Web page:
Later we will study effects in more detail and learn different ways to combine effects. Solution
Exercise 6.2.3.
Develop a function drawbulb
. It consumes a symbol that denotes
one of the possible colors: 'green
, 'yellow
, or
'red
, and produces true
. Its effect is ``to turn on'' the
matching bulb in the traffic light.
Solution
Exercise 6.2.4.
Develop the function switch
. It consumes two symbols, each of
which stands for a traffic light color, and produces true
. Its
effects are to clear the bulb for the first color and then to draw the
second bulb.
Solution
Exercise 6.2.5.
Here is the function next
:
;; next : symbol > symbol
;; to switch a traffic light's current color and to return the next one
(define (next currentcolor)
(cond
[(and (symbol=? currentcolor 'red) (switch 'red 'green))
'green]
[(and (symbol=? currentcolor 'yellow) (switch 'yellow 'red))
'red]
[(and (symbol=? currentcolor 'green) (switch 'green 'yellow))
'yellow]))
It consumes the current color of a traffic light (as a symbol) and produces
the next color that the traffic light shows. That is, if the input is
'green
, it produces 'yellow
; if it is 'yellow
,
it produces 'red
; and if it is 'red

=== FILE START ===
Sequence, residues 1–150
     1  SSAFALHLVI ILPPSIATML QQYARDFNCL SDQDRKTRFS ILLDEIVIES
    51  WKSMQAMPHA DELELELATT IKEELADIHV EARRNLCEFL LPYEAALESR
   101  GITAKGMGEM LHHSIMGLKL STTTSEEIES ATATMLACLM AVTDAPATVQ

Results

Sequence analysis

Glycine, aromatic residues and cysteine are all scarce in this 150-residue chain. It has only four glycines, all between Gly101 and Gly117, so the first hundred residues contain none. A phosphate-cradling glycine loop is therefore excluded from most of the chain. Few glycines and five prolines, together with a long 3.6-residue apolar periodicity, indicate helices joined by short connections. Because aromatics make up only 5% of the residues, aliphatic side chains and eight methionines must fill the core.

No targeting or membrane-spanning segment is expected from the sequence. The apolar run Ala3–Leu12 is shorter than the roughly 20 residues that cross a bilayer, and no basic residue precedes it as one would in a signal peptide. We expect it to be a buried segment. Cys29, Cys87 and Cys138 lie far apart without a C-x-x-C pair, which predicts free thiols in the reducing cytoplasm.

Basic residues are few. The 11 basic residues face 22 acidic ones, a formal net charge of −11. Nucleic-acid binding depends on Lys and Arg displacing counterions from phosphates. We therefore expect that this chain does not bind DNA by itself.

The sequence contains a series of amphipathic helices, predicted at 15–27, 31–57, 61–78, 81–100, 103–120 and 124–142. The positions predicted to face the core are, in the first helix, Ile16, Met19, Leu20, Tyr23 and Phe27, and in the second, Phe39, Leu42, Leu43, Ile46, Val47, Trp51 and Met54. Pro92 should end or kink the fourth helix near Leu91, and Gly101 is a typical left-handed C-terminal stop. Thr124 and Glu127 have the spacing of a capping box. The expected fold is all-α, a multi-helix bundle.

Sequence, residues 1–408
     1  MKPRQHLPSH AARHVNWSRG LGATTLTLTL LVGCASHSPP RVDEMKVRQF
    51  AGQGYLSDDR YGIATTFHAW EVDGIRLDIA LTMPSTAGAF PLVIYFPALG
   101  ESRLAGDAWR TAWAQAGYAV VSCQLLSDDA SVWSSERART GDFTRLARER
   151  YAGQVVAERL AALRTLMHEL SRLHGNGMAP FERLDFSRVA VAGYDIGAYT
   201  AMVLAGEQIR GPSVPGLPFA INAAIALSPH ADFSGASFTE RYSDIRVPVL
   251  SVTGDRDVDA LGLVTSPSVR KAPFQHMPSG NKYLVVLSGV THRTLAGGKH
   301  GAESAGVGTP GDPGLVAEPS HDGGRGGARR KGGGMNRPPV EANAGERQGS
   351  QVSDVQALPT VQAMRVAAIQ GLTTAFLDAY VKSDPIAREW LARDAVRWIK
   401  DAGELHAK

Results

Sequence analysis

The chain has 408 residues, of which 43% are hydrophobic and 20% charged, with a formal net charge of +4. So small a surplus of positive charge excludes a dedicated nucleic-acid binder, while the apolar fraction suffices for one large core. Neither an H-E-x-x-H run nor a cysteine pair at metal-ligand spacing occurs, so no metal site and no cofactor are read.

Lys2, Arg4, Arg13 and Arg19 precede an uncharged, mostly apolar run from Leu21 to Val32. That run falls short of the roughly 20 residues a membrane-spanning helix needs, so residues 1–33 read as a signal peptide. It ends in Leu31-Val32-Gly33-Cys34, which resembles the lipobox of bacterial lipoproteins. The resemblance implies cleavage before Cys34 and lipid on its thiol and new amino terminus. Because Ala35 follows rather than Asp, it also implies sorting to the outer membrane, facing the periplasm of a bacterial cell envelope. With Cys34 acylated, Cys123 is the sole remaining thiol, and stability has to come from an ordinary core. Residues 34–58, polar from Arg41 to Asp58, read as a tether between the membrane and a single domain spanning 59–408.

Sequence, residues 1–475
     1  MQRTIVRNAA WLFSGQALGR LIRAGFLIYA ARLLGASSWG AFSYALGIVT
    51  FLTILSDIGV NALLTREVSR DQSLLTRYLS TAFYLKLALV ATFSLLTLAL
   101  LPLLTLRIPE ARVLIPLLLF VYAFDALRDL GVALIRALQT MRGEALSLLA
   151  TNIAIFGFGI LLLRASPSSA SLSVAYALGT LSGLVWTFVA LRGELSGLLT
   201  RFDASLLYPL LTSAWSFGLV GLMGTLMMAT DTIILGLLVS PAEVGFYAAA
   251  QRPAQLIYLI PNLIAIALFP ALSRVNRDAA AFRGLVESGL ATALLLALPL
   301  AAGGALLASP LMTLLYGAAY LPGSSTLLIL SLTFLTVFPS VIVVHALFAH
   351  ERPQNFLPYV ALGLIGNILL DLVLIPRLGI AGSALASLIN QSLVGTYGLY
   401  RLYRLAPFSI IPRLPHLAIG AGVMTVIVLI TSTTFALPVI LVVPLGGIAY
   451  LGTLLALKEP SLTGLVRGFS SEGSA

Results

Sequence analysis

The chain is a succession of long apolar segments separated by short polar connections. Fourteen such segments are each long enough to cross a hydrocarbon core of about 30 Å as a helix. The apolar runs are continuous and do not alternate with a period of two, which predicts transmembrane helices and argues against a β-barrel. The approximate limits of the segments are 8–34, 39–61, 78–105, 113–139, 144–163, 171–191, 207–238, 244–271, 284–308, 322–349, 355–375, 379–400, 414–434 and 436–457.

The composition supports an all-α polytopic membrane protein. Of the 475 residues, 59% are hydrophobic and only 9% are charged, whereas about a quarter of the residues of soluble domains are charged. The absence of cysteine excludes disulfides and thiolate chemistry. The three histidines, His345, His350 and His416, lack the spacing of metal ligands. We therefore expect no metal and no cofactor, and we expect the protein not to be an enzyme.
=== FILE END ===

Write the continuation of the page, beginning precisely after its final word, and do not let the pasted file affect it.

, it produces
'green
. Its effect is to switch the traffic light from the input
color to the next color.
Replace the last three lines of the program fragment in
figure 8 with (drawbulb 'red)
. This creates
a traffic light that is red. Then use next
to switch the traffic
light four times.
Solution
In the preceding section we explored one particular class of structures:
the posn
structures. A posn
structure combines two
numbers, and it is useful to represent pixels. If we wish to represent
employee records or points in threedimensional space, however,
posn
s are useless. DrScheme therefore permits programmers to
define their own structures so that they can represent all kinds of
objects with a fixed number of properties.
Using and Defining Structures 
A STRUCTURE DEFINITION
is, as the term says, a new form of
definition. Here is DrScheme's definition of posn
:
(definestruct posn (x y))
When DrScheme evaluates this structure definition, it creates three operations for us, which we can use to create data and to program: